By: Addison Wylie
There have been so many recent films catered to the foodie crowd, you expect Erik Greenberg Anjou’s Deli Man to do the same. Luckily for audiences wanting something new, this love letter to Jewish delicatessen is more focused on the history behind the food.
The film coheres to the logic of its main subject Ziggy Gruber (owner of Houston, Texas’ hot spot Kenny and Ziggy’s), and agrees there’s more to a delicious corned beef on rye than meets the eye. The delicatessen has always been an escape for people, most notably a core Jewish culture. It was a place for those who immigrated from European countries to take a break from their newly acquired laborious professions. To have a hearty meal after accumulating minor compensation, served by those who were working equally as hard.
Deli Man uses magnetic interviews with eatery owners, who are ecstatic to issue substantial stories behind the food as well as proclaim how insane they are to take on such a career. Increasing inventory costs have added economical weight to restaurants and paying customers have never been more chary and picky. One owner recounts the time a finicky customer described a matzoh ball soup as being “too salty” just by looking at it. Larry King – in an interview that screams “impromptu star power” – states that if a deli drops the ball on quality, he’ll never visit again.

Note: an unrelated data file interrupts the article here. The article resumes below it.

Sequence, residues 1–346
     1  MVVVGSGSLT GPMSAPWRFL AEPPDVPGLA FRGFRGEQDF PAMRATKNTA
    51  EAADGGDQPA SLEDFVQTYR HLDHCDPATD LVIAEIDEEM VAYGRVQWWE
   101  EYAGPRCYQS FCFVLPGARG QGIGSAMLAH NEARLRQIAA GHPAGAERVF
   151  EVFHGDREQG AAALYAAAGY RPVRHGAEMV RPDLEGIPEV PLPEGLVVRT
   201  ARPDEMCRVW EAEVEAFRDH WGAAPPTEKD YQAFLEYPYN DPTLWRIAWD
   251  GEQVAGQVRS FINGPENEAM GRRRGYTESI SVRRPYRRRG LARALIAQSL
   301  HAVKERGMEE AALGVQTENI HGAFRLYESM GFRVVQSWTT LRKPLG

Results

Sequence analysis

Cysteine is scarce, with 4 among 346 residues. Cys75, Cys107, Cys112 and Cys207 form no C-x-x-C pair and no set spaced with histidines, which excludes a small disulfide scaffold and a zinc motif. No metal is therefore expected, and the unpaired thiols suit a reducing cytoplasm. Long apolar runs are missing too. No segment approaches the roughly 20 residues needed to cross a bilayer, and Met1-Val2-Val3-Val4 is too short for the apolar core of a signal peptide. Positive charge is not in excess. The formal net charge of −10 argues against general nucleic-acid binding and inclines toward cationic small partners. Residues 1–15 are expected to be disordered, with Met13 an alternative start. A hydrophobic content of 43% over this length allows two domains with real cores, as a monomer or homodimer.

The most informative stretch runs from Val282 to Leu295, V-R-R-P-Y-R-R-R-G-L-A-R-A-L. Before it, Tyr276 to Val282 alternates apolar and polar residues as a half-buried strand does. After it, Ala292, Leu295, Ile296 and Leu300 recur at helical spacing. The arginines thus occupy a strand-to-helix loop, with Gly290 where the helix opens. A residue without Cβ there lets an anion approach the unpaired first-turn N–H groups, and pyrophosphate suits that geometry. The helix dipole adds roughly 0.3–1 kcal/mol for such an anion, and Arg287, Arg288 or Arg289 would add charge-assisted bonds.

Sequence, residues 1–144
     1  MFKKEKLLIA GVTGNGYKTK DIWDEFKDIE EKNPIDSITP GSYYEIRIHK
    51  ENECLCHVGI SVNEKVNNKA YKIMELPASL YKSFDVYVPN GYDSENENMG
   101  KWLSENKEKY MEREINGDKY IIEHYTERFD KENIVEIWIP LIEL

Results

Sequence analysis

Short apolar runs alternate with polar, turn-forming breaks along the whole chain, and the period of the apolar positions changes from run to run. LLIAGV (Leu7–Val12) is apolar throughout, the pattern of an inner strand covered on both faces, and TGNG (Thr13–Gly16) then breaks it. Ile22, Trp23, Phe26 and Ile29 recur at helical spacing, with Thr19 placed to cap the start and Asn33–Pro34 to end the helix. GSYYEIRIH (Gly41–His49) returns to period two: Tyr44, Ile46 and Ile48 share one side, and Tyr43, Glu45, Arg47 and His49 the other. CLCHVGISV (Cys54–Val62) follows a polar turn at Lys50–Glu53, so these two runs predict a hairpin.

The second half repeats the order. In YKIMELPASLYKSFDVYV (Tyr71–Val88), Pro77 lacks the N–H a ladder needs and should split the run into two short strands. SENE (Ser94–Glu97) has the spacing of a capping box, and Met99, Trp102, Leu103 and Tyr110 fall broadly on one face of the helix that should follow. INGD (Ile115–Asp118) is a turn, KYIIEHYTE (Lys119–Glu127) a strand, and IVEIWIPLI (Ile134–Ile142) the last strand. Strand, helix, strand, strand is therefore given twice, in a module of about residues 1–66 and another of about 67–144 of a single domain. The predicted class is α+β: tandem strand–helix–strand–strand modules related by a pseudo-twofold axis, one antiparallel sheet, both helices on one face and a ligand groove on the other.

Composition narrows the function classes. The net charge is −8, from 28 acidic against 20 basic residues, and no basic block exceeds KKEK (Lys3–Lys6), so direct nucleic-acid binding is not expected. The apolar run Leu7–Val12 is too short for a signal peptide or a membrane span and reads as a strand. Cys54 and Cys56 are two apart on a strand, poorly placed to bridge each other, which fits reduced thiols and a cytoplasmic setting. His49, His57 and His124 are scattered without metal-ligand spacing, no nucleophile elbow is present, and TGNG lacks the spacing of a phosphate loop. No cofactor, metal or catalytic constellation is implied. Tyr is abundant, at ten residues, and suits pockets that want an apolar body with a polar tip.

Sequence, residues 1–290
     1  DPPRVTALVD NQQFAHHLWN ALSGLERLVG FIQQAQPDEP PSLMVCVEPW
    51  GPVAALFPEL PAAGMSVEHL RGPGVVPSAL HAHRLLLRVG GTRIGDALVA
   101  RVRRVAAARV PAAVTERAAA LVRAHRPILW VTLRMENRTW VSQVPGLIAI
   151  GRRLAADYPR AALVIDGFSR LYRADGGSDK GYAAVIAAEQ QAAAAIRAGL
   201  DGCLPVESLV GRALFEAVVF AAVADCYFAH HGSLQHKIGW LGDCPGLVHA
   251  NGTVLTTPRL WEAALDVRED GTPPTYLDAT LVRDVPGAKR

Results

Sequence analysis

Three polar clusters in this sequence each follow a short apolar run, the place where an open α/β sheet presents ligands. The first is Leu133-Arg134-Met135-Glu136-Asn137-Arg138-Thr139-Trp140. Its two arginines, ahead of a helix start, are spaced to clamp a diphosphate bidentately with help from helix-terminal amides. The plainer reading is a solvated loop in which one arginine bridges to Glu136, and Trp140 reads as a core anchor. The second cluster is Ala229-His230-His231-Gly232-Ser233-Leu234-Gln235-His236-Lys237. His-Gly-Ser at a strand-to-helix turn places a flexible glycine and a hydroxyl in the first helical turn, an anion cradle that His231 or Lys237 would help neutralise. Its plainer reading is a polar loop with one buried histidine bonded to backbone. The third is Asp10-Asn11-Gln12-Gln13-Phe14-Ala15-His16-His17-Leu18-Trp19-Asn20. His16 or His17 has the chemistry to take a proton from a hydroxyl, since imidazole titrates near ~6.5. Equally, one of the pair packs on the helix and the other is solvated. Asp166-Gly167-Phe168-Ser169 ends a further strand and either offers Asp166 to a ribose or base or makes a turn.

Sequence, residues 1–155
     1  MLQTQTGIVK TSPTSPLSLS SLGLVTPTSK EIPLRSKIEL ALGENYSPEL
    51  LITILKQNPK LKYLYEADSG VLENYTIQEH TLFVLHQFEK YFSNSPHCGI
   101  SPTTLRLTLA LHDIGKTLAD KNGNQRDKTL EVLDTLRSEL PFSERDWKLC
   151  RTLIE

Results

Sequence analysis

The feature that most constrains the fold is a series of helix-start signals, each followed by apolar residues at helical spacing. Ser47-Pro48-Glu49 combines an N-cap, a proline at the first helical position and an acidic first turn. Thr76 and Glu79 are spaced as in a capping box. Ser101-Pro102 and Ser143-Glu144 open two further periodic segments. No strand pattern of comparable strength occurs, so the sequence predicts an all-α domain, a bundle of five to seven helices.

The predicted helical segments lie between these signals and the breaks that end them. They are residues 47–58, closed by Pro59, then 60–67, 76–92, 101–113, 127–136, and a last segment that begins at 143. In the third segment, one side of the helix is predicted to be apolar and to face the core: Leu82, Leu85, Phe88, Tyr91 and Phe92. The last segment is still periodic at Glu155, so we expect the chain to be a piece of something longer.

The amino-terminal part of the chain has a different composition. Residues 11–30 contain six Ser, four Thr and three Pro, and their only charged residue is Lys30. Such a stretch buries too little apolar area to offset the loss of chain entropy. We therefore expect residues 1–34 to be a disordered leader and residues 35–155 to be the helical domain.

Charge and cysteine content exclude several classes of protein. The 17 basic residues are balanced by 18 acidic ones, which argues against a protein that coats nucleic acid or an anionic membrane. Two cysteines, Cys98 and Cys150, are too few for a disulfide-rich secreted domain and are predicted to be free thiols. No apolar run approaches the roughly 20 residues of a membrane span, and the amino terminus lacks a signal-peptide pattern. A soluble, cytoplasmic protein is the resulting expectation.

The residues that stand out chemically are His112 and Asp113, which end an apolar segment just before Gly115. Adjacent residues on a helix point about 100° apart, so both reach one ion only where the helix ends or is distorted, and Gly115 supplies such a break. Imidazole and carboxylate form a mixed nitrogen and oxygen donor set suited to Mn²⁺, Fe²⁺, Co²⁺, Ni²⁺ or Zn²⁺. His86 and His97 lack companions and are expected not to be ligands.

Ziggy Gruber is the perfect host for Deli Man. He started as an impressionable kid and has grown up to be a sensible sage of his craft. The audience sees first-hand how particular patience, social skills, and fine attention to detail has great influence over the quality of a lucrative business. When he speaks to the camera, we never doubt his knowledge. We also believe his sadness when he worries that the culinary’s culture won’t be properly preserved for future generations.
Deli Man is a lighthearted romp. It’s entertaining as it is enlightening. The documentary could afford to be a little leaner though. Anjou has the tendency to overstate Ziggy’s personal life for no real reason, except to induce some kind of tacked-on charm. To use a term I learned from Deli Man, Anjou could’ve used a “European style” technique to scrap some of those detours.